The Encyclopedia of Oklahoma History and Culture
BURKE ACT (1906).
A question that had long plagued the U.S. government involved the citizenship status of American Indians. In 1887 Congress passed the General Allotment Act, or Dawes Severalty Act, which stated that Indians who received land allotments or voluntarily took up residence away from their tribes were to be given United States citizenship. This seems simple enough on the face of it, but the situation was further complicated because the allotments of land were to be held in trust on behalf of the Indians by the federal government for twenty-five years. Some courts held that an Indian gained citizenship at the end of the twenty-five-year trust period; others maintained that an Indian possessed citizenship as soon as an allotment was received.
However, the citizen-making language of the Dawes Act specifically exempted the Cherokee, Chickasaw, Choctaw, Seminole, and Creek Indians as well as five other tribes residing in the Indian Territory. The Dawes Act was amended in March 1901 to include them. The citizenship question was further resolved and somewhat clarified with the passage of the Burke Act of 1906 (although it also stated that its "provisions . . . shall not extend to any Indians in the Indian Territory").
The Burke Act pertained to Indians who took allotments. The law withheld citizenship until the end of the twenty-five year trust period or until the allottee received a fee patent from the secretary of the interior. It further stated that any Indian who had taken up residence apart from the tribe and who had "adopted the habits of civilized life" was declared a citizen and was entitled to all the rights, privileges, and immunities of citizenship.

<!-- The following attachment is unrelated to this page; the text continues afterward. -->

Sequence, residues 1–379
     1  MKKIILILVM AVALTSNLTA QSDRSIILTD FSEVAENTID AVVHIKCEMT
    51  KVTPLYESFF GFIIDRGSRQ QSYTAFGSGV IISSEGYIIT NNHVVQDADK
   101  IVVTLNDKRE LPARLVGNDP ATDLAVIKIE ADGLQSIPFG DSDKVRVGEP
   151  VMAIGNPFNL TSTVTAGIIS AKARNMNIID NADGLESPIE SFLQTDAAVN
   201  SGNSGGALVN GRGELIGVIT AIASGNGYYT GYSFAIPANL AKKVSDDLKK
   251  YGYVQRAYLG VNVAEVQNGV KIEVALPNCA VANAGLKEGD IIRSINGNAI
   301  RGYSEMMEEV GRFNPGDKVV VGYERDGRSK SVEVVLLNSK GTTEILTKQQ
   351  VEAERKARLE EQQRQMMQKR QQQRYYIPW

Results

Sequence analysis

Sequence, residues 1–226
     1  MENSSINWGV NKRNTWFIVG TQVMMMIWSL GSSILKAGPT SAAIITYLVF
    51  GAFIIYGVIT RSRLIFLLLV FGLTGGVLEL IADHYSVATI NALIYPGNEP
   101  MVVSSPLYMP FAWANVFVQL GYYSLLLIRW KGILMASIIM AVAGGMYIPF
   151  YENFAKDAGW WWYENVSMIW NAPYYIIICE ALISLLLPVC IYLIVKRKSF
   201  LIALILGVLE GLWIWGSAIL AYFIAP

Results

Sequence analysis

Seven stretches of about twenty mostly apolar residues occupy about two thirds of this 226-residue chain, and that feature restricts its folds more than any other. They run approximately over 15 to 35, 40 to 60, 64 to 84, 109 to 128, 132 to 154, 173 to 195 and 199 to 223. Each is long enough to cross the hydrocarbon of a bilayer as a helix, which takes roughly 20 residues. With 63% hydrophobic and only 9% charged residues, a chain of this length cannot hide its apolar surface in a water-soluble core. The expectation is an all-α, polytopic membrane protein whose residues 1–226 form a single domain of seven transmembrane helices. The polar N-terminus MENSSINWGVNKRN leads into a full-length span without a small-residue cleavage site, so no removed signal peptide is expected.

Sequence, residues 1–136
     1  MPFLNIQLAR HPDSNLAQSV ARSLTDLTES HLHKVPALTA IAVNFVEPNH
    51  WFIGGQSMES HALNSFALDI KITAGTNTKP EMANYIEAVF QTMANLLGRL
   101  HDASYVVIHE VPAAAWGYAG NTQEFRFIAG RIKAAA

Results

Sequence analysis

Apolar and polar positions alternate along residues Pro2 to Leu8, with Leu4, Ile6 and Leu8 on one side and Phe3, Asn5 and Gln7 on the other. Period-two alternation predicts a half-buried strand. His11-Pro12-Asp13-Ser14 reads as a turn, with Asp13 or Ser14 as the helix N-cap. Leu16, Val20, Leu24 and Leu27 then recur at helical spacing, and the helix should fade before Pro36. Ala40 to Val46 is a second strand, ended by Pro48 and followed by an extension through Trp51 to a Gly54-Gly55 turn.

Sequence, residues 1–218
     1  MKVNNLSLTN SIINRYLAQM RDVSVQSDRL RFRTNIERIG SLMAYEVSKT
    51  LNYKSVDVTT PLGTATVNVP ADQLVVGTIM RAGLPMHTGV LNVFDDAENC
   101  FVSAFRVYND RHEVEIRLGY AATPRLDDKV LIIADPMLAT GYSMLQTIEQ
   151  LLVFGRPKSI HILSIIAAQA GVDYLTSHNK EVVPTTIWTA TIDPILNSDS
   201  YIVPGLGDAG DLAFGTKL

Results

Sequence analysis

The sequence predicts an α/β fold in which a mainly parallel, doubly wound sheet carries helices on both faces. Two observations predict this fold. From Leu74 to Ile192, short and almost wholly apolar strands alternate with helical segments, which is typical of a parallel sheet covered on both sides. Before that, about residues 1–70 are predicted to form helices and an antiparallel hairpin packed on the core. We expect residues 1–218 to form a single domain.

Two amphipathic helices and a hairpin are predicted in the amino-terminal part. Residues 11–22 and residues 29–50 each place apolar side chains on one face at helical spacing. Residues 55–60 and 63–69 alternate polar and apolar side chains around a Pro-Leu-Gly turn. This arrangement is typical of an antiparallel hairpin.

Under this act the secretary of the interior was given great authority over individual Indians who had taken allotments. The secretary decided whether an Indian was competent enough to handle his own affairs before he could even receive an allotment, and the secretary alone determined the legal heirs of a deceased allottee. If he determined there were no legal heirs, the allotted land could then be sold.
The government, with this act, reacted in the typically paternalistic fashion of the times. The position was one of concern that if Indians with allotments were completely free of federal guardianship, unscrupulous persons would soon cheat them out of their lands. This legislation was also seen by many as an attempt by Congress to hasten the assimilation of American Indians into white culture.
Charles Kappler, Indian Affairs, Laws and Treaties, Vol. 4, Laws (Washington, D.C.: GPO, 1913).
New Encyclopedia of the American West, ed. Howard Roberts Lamar (New Haven: Yale University Press, 1998).
Francis Paul Prucha, The Great Father: The United States Government and the American Indians, Vol. 2 (Lincoln: University of Nebraska Press, 1984).
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The following (as per The Chicago Manual of Style, 17th edition) is the preferred citation for articles:
M. Kaye Tatro, “Burke Act (1906),” The Encyclopedia of Oklahoma History and Culture, https://www.okhistory.org/publications/enc/entry.php?entry=BU010.
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